Maximum Metal Rating Legend
5 Excellent - Masterpiece. A classic.
4.5-4 Great - Almost perfect records but there's probably a lacking.
3.5 Good - Most of the record is good, but there may be some filler.
3 Average - Some good songs, some bad ones at about a half/half ratio.
2.5-2 Fair - Worth a listen, but best obtained by collectors.
1.5-1 Bad - Major problems with music, lyrics, production, etc.
0 Terrible - Waste of your life and time.

Note: Reviews are graded from 0-5, anything higher or not showing is from our old style. Scores, however, do not reveal the important features. The written review that accompanies the ratings is the best source of information regarding the music on our site. Reviewing is opinionated, not a qualitative science, so scores are personal to the reviewer and could reflect anything from being technically brilliant to gloriously cheesy fun.

Demos and independent releases get some slack since the bands are often spent broke supporting themselves and trying to improve. Major releases usually have big financial backing, so they may be judged by a heavier hand. All scores can be eventually adjusted up or down by comparison of subsequent releases by the same band. We attempt to keep biases out of reviews and be advocates of the consumer without the undo influence of any band, label, management, promoter, etc.

The best way to determine how much you may like certain music is to listen to it yourself.
Band
Fear Factory
Title
Archetype
Type
LP/EP
Company
Liquid 8
YOR
2004
Style
Industrial
4/14/2004 - Review by: MM
Fear Factory - Archetype - Reviewed by: double m

Track Listing
Slave Labor
Cyberwaste
Act Of God
Drones
Archetype
Corporate Cloning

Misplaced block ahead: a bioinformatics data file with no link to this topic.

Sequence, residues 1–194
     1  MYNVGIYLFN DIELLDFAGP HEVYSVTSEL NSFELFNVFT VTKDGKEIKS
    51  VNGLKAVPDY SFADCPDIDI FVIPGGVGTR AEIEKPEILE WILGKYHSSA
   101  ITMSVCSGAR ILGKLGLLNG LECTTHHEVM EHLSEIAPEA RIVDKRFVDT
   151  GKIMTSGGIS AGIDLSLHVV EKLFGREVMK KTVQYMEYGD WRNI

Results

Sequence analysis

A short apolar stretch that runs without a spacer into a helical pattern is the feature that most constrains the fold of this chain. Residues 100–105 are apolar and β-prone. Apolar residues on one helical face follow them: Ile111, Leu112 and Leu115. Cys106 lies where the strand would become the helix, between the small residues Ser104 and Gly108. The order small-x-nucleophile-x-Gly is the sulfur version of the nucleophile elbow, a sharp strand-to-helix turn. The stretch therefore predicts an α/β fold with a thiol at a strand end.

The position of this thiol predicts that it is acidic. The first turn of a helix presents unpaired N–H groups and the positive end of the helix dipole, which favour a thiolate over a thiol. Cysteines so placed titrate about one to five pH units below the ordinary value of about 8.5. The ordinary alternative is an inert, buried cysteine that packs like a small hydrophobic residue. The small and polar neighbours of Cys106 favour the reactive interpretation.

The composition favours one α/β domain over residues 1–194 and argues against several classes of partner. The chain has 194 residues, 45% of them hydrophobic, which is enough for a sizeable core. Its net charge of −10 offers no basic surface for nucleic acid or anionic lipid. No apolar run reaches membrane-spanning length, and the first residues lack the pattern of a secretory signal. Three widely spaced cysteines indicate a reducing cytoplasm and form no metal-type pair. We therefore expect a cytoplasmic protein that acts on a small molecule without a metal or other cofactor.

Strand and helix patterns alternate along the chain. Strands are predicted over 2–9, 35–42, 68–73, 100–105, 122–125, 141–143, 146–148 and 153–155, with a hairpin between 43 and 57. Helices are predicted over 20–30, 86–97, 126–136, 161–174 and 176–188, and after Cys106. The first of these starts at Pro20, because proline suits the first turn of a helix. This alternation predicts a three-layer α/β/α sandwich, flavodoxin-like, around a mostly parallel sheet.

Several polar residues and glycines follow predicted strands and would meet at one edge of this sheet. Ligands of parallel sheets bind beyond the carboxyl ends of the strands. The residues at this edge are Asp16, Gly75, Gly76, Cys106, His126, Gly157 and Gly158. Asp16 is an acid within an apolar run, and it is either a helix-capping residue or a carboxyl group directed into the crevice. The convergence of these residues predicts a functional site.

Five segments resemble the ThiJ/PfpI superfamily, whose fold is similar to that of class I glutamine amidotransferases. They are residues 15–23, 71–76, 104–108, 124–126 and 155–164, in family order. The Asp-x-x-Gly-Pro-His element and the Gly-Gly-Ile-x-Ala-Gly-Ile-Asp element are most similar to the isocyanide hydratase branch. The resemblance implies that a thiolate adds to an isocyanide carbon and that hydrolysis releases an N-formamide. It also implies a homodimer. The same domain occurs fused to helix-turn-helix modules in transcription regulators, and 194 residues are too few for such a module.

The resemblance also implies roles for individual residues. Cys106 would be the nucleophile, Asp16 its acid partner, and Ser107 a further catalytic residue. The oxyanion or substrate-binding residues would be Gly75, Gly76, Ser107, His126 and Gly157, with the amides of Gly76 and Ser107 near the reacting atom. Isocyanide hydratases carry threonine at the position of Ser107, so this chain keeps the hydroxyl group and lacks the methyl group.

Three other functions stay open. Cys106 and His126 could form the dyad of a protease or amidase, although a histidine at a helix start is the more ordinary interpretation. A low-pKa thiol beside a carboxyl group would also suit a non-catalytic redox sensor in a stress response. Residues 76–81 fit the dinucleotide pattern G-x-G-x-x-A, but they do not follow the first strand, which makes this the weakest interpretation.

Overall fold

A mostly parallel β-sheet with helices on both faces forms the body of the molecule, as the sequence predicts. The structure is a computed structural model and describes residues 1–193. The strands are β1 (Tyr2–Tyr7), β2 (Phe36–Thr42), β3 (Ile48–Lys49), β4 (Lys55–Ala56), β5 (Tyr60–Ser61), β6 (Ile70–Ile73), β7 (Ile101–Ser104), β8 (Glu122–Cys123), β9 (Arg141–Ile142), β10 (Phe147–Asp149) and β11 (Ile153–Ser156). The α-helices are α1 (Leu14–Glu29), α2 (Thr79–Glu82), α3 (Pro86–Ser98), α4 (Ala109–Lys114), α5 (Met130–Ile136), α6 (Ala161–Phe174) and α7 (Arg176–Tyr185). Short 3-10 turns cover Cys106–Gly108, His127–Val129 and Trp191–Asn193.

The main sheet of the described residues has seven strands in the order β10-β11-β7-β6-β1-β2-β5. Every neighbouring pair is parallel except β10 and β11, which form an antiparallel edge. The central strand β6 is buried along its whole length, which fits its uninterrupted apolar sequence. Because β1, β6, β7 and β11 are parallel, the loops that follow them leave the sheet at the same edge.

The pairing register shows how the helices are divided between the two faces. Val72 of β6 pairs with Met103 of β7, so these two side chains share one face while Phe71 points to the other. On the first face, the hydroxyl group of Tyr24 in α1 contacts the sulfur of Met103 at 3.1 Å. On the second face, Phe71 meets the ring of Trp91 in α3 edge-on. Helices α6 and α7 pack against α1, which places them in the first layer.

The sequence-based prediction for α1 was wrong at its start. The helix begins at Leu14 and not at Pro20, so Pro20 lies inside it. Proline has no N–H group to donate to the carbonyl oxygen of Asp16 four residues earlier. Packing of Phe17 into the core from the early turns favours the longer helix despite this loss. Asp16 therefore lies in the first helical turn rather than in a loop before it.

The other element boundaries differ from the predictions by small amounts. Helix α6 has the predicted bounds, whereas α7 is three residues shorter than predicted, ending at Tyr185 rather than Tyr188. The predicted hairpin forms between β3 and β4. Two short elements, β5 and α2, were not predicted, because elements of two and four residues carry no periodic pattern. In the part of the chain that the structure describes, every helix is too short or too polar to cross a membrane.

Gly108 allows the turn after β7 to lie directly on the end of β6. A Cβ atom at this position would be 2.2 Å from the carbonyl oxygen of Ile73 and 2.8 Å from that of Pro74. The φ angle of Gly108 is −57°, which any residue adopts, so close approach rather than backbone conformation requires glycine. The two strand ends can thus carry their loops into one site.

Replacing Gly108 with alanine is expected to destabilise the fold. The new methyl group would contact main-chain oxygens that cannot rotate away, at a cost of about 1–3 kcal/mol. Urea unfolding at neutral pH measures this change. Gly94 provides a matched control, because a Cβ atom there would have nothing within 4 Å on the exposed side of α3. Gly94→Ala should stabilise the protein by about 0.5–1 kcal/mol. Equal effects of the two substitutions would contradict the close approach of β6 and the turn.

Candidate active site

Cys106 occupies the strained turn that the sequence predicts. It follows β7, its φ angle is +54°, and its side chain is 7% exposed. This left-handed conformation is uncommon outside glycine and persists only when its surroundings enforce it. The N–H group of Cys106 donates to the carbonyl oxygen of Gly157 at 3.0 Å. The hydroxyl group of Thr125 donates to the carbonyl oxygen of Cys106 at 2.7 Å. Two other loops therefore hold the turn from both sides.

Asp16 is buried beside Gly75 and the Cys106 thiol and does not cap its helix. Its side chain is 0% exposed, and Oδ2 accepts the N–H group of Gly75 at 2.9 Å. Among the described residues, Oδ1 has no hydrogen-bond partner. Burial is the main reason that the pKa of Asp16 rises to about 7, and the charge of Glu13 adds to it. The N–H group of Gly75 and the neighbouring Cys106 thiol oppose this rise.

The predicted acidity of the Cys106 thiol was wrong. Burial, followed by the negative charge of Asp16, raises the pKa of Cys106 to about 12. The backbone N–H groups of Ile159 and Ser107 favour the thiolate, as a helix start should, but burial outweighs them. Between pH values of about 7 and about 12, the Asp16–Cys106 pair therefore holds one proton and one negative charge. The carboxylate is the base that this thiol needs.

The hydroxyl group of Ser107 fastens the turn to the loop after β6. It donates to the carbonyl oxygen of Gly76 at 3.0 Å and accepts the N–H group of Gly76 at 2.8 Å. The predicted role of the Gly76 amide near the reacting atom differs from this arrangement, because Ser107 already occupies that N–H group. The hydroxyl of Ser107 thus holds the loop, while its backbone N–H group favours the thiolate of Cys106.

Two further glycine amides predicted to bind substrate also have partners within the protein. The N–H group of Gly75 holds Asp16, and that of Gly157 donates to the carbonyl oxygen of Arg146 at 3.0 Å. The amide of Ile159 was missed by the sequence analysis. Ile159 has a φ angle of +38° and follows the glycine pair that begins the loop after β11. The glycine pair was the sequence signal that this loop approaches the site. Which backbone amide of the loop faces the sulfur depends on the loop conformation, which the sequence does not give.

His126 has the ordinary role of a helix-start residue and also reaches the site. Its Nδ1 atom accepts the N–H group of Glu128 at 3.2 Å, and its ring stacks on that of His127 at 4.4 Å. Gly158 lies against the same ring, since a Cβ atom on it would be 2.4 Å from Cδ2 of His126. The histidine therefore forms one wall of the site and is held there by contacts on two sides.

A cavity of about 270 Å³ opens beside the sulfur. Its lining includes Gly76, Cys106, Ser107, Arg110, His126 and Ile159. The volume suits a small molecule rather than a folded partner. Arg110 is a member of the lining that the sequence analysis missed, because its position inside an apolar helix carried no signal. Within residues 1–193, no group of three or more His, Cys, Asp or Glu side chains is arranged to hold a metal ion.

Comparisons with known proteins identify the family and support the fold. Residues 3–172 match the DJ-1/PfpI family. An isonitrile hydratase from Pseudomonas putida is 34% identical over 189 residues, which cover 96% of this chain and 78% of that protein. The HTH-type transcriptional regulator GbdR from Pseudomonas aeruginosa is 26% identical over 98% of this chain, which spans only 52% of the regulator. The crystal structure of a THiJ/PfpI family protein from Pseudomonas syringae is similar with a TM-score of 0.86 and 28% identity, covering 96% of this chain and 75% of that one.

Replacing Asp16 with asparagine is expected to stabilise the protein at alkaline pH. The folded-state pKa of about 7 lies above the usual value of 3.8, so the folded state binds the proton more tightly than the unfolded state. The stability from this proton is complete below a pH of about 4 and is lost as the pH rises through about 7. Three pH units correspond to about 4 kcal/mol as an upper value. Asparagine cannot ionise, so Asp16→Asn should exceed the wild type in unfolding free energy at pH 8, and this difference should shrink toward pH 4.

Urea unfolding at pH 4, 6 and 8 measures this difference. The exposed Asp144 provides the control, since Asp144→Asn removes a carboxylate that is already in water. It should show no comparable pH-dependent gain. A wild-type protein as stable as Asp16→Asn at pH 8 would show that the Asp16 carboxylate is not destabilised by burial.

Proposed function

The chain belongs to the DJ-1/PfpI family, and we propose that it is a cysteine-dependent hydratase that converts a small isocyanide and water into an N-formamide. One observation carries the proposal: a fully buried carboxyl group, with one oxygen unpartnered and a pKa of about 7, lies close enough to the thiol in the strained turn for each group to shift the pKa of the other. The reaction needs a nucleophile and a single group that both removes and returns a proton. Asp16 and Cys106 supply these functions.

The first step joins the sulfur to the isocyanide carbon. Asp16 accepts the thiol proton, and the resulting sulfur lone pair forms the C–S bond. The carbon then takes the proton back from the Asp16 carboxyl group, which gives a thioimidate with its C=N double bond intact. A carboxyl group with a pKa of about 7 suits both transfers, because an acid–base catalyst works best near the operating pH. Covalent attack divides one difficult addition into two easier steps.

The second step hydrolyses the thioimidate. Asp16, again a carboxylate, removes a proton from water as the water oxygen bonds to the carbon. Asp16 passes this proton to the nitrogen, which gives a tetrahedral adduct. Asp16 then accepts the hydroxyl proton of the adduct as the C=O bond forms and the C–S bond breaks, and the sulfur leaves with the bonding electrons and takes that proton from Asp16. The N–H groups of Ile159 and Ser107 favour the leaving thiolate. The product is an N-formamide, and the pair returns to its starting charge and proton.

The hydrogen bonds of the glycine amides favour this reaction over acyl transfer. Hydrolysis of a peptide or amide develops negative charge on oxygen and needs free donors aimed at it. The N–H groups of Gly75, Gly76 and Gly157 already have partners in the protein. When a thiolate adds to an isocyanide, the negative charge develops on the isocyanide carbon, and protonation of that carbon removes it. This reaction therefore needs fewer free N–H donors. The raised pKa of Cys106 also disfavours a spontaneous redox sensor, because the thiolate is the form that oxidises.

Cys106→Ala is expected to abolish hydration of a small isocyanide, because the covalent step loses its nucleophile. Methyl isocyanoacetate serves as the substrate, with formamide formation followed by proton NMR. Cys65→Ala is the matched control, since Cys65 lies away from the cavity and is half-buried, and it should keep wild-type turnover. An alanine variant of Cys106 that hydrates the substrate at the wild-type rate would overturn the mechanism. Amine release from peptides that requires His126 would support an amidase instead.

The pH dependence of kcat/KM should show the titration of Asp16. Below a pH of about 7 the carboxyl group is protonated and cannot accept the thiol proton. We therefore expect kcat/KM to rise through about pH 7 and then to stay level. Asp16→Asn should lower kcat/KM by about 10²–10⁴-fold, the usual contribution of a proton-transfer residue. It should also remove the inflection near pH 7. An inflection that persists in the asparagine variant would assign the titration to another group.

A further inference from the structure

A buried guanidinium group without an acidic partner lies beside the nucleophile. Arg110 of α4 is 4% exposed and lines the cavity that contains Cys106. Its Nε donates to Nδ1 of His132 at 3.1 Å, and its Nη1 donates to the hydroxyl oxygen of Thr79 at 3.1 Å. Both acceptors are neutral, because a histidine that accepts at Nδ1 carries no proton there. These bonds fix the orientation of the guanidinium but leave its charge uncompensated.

Bite The Hand That Bleeds You
Undercurrent
Default Judgment
Bonescraper
Human Shields
Ascension
School
Of the many metal acts that have come and gone over the last few years, Fear Factory is a rare band that has done both. Many of the same fans that were saddened to hear that the band had broken up over two years ago also rejoiced at the news that Fear Factory was set to return. Along with a spot on the current Jagermeister Music Tour, the California quartet makes that return official with their newest release, Archetype.

For those that may have worried about the quality of the band’s music following the departure of guitarist Dino Cazares, Archetype is a powerful return to form that, while not breaking new ground, revels in its mastery of familiar territory. The band has obviously had to alter their lineup somewhat, but in doing so has still managed to retain a sound both recognizable and more brutal. Fear Factory does not miss a step with former bassist Christian Olde Wolbers stepping into the guitar role and Byron Stroud from Strapping Young Lad handling bass on the road.

On the album itself, Wolbers pulled double duty recording both the bass and guitar parts. Drummer Raymond Herrera brings his trademark, breakneck rhythms and vocalist Burton C Bell is in fine harmonic and heavy form. With Wolbers pulling off two separate parts of the album, Archetype contains a singularity that keeps the band’s signature sound well intact.

Archetype does mark a rare departure for the band in that it is the first since Soul of A New Machine to depart from the theme/storyline of man vs. technology and tackle a variety of subjects. The band’s dealings with the music industry during their downtime is given harsh treatment on both “Slave Labor” and “Corporate Cloning”. “Cyberwaste” is a not-so-subtle message at the band’s online detractors while the title track is a textbook definition of what Fear Factory has become, both musically and lyrically. The more personal subject matter of the songs lends an intangible discordance to the music, giving the album an edge not seen since the band’s breakthrough release, Obsolete. That discordance present does not affect the performance in a negative way at all. Technically, the band sounds as polished as ever – almost like they never left.

For anyone who worried about whether Fear Factory would return with the same vigor and fire they had when the band looked to be over, fear not. Archetype is an authoritative display of a band hellbent on not only surviving, but rising above what they have had to endure and pounding their audience into submission as if they had never left.


--double m04.14.04
  • 1 :REVIEW COUNT
    N/A :AVE RATING

ALL REVIEWS FOR: FEAR FACTORY
TITLE
DOR
COMPANY
REVIEWER DATE MADE RATING
Archetype
2004
Liquid 8
MM4/14/2004
-
Mechanize
2010
Candlelight
Ben McCraw9/30/2010
4
The Industrialist
2012
Candlelight
Greg Watson10/4/2012
3

ALL INTERVIEWS FOR: FEAR FACTORY
INTERVIEW INTERVIEWER DATE TAGLINE
Raymond HerreraMM4/21/2004


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